The rocket was first spotted by an American Orion spy plane and last night Russian and Japanese ships were steaming towards the spot in the Sea of Japan, south-east of Vladivostok, where the first stage of the missile is believed to have landed. A second stage was said to have flown over Japan to land in the Pacific Ocean - proof that the world's most unpredictable country now has long-range missiles to go with its suspected nuclear capacity.
Diplomats insisted last night that the firing of the missile was a test, but given suspicions that North Korea may possess one or more nuclear warheads, its successful launch will increase tension in the region. The US Secretary of State, Madeleine Albright, said she was alarmed. "This is something that we will be raising with the North Koreans," she said.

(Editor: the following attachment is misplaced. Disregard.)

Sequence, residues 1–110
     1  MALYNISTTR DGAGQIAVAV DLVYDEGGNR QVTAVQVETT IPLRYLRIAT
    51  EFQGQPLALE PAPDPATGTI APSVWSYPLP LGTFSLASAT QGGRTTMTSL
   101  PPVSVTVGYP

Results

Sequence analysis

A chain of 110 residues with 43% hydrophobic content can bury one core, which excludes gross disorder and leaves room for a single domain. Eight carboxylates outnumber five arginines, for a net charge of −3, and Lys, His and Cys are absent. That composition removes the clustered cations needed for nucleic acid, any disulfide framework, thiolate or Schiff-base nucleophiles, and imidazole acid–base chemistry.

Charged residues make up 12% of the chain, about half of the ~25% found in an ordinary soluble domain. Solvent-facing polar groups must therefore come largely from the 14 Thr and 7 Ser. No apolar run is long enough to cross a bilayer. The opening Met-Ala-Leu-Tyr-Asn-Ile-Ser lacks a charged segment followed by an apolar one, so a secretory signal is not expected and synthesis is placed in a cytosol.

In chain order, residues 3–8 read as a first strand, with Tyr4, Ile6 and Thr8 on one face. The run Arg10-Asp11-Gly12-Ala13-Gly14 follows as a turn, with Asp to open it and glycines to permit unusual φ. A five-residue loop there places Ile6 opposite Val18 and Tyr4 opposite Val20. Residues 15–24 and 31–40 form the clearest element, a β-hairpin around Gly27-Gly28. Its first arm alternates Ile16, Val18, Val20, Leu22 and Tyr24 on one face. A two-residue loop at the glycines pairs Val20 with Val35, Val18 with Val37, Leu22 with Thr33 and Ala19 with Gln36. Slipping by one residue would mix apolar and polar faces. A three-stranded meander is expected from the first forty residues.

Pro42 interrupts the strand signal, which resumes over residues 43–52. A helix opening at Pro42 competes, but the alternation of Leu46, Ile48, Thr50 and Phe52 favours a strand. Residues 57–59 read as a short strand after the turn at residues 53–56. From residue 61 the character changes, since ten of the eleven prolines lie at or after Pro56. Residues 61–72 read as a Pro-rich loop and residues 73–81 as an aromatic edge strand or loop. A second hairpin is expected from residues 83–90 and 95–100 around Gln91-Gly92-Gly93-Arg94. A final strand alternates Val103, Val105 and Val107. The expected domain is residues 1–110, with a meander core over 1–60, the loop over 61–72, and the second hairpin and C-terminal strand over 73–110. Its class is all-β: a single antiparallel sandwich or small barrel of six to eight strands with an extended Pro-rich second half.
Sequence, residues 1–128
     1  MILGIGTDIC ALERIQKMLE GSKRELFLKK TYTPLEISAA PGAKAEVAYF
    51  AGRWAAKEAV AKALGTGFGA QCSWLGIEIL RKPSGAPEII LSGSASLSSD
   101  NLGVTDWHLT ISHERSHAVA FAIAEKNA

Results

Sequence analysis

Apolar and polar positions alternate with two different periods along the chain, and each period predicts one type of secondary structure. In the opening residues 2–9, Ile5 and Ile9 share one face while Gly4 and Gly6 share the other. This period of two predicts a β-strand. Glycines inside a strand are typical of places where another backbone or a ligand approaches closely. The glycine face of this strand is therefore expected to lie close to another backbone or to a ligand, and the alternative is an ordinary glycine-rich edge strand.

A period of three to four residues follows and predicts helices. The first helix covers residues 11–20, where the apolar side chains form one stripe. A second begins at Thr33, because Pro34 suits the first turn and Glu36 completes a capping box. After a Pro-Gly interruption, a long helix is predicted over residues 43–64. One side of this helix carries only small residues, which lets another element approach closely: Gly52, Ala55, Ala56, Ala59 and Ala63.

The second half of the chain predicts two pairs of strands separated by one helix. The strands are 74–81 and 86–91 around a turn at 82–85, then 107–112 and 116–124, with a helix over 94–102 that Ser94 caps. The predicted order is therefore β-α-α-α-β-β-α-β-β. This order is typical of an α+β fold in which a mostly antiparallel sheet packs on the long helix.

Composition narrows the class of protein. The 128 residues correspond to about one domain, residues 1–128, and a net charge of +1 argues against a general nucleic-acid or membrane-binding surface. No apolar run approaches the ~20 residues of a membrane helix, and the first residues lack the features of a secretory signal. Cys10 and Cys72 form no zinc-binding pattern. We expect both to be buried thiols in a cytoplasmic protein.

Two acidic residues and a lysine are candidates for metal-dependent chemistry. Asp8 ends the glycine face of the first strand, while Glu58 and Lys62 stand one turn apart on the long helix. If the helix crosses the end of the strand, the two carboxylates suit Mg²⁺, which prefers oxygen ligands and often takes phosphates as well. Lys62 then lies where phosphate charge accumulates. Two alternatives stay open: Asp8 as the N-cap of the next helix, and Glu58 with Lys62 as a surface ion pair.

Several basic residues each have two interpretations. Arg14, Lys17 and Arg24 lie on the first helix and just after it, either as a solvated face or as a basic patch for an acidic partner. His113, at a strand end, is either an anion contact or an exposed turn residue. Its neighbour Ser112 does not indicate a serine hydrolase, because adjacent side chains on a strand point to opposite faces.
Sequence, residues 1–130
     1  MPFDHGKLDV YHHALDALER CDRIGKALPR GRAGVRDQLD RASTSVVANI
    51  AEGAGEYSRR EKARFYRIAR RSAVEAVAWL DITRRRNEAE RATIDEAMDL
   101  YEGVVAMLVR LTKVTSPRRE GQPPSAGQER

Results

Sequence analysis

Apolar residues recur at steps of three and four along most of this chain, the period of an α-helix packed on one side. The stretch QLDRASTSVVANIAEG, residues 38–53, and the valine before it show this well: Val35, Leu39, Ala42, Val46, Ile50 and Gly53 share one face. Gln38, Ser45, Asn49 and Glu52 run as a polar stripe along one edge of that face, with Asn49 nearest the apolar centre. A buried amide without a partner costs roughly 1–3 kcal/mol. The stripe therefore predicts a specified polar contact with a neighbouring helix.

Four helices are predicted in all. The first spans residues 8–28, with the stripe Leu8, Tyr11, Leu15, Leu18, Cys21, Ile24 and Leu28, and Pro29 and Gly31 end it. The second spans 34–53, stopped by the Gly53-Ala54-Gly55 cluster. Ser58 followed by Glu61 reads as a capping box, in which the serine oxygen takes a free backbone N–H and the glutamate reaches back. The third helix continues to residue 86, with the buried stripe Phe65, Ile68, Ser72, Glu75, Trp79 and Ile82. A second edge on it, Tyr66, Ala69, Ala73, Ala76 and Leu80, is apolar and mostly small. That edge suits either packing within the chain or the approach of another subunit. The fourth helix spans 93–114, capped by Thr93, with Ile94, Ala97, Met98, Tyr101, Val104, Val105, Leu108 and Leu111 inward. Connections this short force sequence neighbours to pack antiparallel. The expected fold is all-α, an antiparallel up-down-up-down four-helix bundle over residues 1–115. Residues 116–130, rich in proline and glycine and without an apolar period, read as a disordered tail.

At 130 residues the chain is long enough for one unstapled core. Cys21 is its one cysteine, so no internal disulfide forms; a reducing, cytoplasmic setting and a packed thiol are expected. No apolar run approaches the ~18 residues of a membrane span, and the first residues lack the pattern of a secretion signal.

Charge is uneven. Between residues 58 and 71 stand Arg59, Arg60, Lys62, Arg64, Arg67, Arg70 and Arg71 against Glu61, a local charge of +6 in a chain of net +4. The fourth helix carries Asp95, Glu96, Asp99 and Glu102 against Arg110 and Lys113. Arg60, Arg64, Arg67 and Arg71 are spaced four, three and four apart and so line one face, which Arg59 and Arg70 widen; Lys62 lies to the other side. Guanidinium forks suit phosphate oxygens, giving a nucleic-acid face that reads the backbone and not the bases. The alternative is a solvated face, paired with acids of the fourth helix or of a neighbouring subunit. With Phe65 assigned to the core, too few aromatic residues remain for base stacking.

According to defence officials in South Korea, the weapon was the new Taepo Dong I, with a range of 1,240 miles, capable of striking Tokyo, Taipei and Seoul.
The Japanese government's chief spokesman, Hiromu Nonaka, said the test "will have a serious impact on the situation in north-east Asia".
North Korea's missile programme has long been a cause of concern, not only for the threat it poses to neighbouring countries but also because of the regime's sales of weapon systems to other countries. Pakistan, Iran, Iraq, Libya and Syria are all believed to have been buyers. Recently, sales have plummeted. Among the reasons for yesterday's test may have been the desire to advertise one of its biggest export earners.
But the timing suggests political motives. Next week,North Korea's acting leader, Kim Jong Il, is expected finally to be elected president. "One interpretation is that this missile is a gift, a demonstration of strength presented to the new leader on his accession," a foreign diplomat in Seoul said.Reuse content